UPON FURTHER REVIEW
The Ravens’ offense has been consistently disappointing all season.
Offense, defense, special teams and coaching are all open for criticism. But the major problem with this 3-5 team remains its inability to score.
Name one game when the Ravens broke out offensively. There isn’t one. The Ravens have reached 30 points just once, a 30-9 victory over the Texans. That game is misleading, because the Ravens had a pick-six for a touchdown, and a punt return for a touchdown.
Offensively, the Ravens’ most productive game was their Week 1, 49-27 blowout loss to the Broncos. The Ravens scored three offensive touchdowns in that defeat. They haven’t done that since.
That’s seven straight games, with two touchdowns or fewer offensively. That’s anemic in today’s high-scoring NFL. This is a league where 13 teams are averaging at least 25 points per game. This is a league where Nick Foles of the Eagles threw for seven TD passes Sunday.
The Ravens are playing a different brand of offensive football. A brand that features a running game this is almost invisible, few big plays, and inadequate pass protection. That is a formula for failure.
Is their any reason to believe the Ravens will become a better offensive team during their final eight games? Not unless:
@ Joe Flacco starts to play better.
@ The offensive line elevates its play.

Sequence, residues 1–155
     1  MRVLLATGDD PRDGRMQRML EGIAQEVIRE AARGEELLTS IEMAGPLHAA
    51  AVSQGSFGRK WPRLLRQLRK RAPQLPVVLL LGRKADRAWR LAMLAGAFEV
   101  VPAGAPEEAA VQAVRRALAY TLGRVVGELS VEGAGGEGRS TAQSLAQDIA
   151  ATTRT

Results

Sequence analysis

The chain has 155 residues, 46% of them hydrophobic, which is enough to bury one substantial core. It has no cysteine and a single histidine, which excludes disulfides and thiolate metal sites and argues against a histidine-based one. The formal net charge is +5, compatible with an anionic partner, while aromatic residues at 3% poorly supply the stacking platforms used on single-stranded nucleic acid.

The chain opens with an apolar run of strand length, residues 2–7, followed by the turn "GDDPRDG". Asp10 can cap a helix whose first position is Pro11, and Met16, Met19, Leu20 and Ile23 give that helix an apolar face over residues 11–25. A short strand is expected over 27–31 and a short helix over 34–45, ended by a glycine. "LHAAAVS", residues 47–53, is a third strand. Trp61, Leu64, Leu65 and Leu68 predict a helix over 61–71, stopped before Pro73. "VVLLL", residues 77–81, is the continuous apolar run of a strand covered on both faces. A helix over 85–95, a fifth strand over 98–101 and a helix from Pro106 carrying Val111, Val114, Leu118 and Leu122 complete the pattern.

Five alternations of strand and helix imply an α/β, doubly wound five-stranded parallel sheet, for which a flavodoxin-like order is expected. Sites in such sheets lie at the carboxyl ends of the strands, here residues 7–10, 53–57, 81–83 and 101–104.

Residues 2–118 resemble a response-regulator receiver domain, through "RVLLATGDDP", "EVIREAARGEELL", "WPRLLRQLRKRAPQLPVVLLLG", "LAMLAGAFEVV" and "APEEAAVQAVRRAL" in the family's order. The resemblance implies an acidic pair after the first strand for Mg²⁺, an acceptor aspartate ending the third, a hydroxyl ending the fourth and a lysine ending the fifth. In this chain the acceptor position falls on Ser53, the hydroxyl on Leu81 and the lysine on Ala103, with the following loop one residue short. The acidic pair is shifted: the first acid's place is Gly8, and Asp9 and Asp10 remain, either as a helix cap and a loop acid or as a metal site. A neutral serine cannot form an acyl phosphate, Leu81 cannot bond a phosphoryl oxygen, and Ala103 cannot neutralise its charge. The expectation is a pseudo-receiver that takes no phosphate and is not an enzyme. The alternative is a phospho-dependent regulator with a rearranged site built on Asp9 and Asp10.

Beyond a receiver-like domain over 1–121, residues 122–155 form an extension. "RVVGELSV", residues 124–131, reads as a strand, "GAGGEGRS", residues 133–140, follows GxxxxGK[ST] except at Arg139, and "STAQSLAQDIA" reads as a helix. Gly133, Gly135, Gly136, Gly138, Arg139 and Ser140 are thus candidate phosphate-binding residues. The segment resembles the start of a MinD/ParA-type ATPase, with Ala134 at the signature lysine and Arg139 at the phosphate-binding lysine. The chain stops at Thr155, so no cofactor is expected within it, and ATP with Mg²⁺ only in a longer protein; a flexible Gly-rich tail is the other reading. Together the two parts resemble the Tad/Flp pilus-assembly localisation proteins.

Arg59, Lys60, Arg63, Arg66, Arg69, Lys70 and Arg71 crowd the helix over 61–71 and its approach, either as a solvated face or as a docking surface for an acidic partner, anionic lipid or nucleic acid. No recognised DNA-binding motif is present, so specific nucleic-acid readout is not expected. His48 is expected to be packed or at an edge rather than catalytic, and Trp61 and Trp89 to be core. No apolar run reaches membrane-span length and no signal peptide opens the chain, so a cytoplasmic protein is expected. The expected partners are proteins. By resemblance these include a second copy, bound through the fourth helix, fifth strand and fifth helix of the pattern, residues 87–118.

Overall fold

@ The coaching staff is willing to try new wrinkles, like giving backup quarterback Tyrod Taylor a few snaps out of the wildcat.
@ Ray Rice starts looking a half-step faster.
@ The Ravens find more ways to get the ball to speed receivers Torrey Smith and Jacoby Jones.
Flacco is getting hit too much, and he has no support from his running game. That’s tough duty, but the Ravens are paying Flacco a pretty penny to carry this offense. He has been unable to do that. He made several terrible passes early in Sunday’s game that could have jump-started the offense, before the Browns really turned their blitz packages loose and came after him.
Flacco has never been a consistent regular season quarterback, but the Ravens need him to be this season, more than ever. If Flacco starts throwing the football more accurately, the Ravens offense can improve. If not, forget it.
The changes in run blocking schemes implemented by run game coordinator Juan Castillo have not worked out, to say the least. But can the offensive line play just a little better? Even a slight improvement in the run blocking, and a few more yards for Rice and Pierce, would make it harder for defenses to ignore the Ravens’ run game and come after Flacco. Left tackle Eugene Monroe would love to see what the Ravens could do offensively if they could manufacture more yards on the ground.
“It’s gotten maybe a hair better each week, but it needs to be more consistent,” Monroe said. “We need to get four yards, we need to get five yards, we need to get big runs. That’s something that needs to happen fast.”
Rookie receiver Marlon Brown, who has already caught five TD passes, has established himself as a go-to target in the red zone. But Smith, who had five catches for 78 yards on Sunday, has not caught a touchdown pass since Week 4. Jones only has one touchdown catch, and that came two games ago against the Packers.
Flacco has the arm to throw deep, and both Smith and Jones have the speed to get open. Offensive coordinator Jim Caldwell found a way to get Smith and Jones touches for big plays during the Ravens’ Super Bowl run, but that aspect of the Ravens’ offense has been missing.
If the Ravens don’t become a better offensive team, they are not making the playoffs, and they may not get back to .500. Unless the Ravens produce more scoring, it’s unrealistic to expect more winning.